One week until first section of new London Bridge concourse opens

One week until first section of new London Bridge concourse opens

In less than one week’s time, passengers will be able to use the first two-thirds of the brand new concourse at London Bridge station. There will also be major changes to train services over the bank holiday weekend, during the following week and until 2018.

After more than three years of work, the hoardings will come down on the rebuilt platforms 7 to 15 and passengers will experience for the first time what has been built beneath their feet. New stairs and escalators will link platforms to the concourse below and there will be new routes into and out of the station.

When completed in 2018, the concourse, which will be the largest in Britain and bigger than the pitch at Wembley Stadium, will link every platform at the station and will be served by more than 80 trains every hour.

Network Rail’s Thameslink Programme director, Simon Blanchflower, said: “This is a major milestone for passengers, who will be able to experience the brand new concourse and facilities for the first time. There is still work for us to do and I would like to thank passengers for their patience as we rebuild London Bridge as part of Network Rail’s Railway Upgrade Plan to deliver a modern, more reliable railway.”

Richard Dean, Train Services Director at Southeastern said: “We’d like to thank our passengers for bearing with us during the rebuild. We’re really pleased that they’ll now be able to start using and enjoying the new London Bridge station. Our new timetable – and the temporary changes being put in place between Saturday 27 August and Thursday 1 September – will mean changes for some people, so we urge all of our passengers to check before they travel.”

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Last weekend, volunteers and their families from Network Rail, Southern, Southeastern and the Department for Transport took part in the ‘London Bridge Challenge’ to test the station’s concourse, platforms and facilities before unveiling the improvements to passengers.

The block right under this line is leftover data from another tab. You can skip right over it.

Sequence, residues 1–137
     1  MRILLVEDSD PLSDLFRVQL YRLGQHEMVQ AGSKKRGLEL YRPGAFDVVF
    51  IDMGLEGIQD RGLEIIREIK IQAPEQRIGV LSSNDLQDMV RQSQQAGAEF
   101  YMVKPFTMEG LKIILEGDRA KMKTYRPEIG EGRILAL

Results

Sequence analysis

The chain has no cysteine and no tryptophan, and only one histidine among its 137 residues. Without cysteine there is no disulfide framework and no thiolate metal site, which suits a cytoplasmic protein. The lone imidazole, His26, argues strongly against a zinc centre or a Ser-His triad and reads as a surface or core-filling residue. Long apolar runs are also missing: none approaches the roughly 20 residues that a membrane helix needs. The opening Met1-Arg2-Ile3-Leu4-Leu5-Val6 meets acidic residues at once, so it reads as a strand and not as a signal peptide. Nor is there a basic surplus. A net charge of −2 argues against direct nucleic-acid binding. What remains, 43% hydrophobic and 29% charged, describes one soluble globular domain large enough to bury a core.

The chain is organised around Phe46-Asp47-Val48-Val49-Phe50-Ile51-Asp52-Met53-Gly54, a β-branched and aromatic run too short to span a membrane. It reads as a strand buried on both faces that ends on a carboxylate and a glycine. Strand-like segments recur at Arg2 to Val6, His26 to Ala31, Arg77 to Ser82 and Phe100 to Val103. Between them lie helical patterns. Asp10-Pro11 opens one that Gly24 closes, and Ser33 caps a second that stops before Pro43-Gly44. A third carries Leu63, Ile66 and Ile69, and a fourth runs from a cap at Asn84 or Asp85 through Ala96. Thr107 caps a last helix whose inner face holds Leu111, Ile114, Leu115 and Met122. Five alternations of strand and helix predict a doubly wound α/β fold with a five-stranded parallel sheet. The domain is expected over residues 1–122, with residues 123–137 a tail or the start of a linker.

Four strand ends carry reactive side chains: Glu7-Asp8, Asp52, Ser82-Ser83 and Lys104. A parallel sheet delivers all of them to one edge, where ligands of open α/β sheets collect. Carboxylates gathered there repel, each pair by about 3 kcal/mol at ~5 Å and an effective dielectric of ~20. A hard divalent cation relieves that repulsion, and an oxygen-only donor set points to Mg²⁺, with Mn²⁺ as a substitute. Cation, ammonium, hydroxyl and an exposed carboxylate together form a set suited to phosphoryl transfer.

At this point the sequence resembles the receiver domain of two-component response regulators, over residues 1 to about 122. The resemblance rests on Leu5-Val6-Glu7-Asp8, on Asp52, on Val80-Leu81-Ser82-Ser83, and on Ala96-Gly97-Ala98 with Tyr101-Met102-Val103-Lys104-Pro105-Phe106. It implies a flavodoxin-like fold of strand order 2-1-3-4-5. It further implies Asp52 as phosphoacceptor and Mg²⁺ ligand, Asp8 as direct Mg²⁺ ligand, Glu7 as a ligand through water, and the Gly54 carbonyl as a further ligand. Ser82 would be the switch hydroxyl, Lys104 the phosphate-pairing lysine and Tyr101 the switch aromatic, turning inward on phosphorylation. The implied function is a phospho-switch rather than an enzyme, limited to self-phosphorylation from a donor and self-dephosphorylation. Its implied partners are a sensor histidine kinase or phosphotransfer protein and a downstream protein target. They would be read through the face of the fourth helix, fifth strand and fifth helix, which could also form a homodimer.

Tim Witcomb, a partnering manager at Network Rail who attended the event, said: “It was great to see how all of the hard work of the past three years has paid off. The concourse is very impressive; it’s spacious, easy to navigate and very modern but still keeps some of the character of the old London Bridge.”

Throughout construction work Network Rail has kept the station open for the 50 million passengers who use it every year, starting on the south side of the station and working in phases to build the new platforms and concourse below. Over the bank holiday weekend and the days that follow, the construction site will move away from the Southern and future Thameslink platforms and focus on the north of the station, where Southeastern trains to Cannon Street currently run.

This will mean major changes to services over the bank holiday, for the week after and until 2018.

  • Over the August bank holiday weekend and for three working days afterwards (Tuesday 30 August to Thursday 1 September) no trains will run to or from Cannon Street. London Bridge station is expected to be busier during this time and queueing systems may be in place. Passengers are advised to check before they travel.
  • Cannon Street trains will not call at London Bridge until January 2018.
  • Charing Cross trains, via Waterloo East, will begin calling at London Bridge on Monday, 29 August for the first time since January 2015.

Passengers heading for the Tube will have a variety of different routes open to them, including a peak-time route through the new concourse, the existing Southern concourse next to the Shard and also through the new entrances and exits onto St Thomas Street.

The complete station will open in January 2018.

Find out more about changes to services and changes to London Bridge station.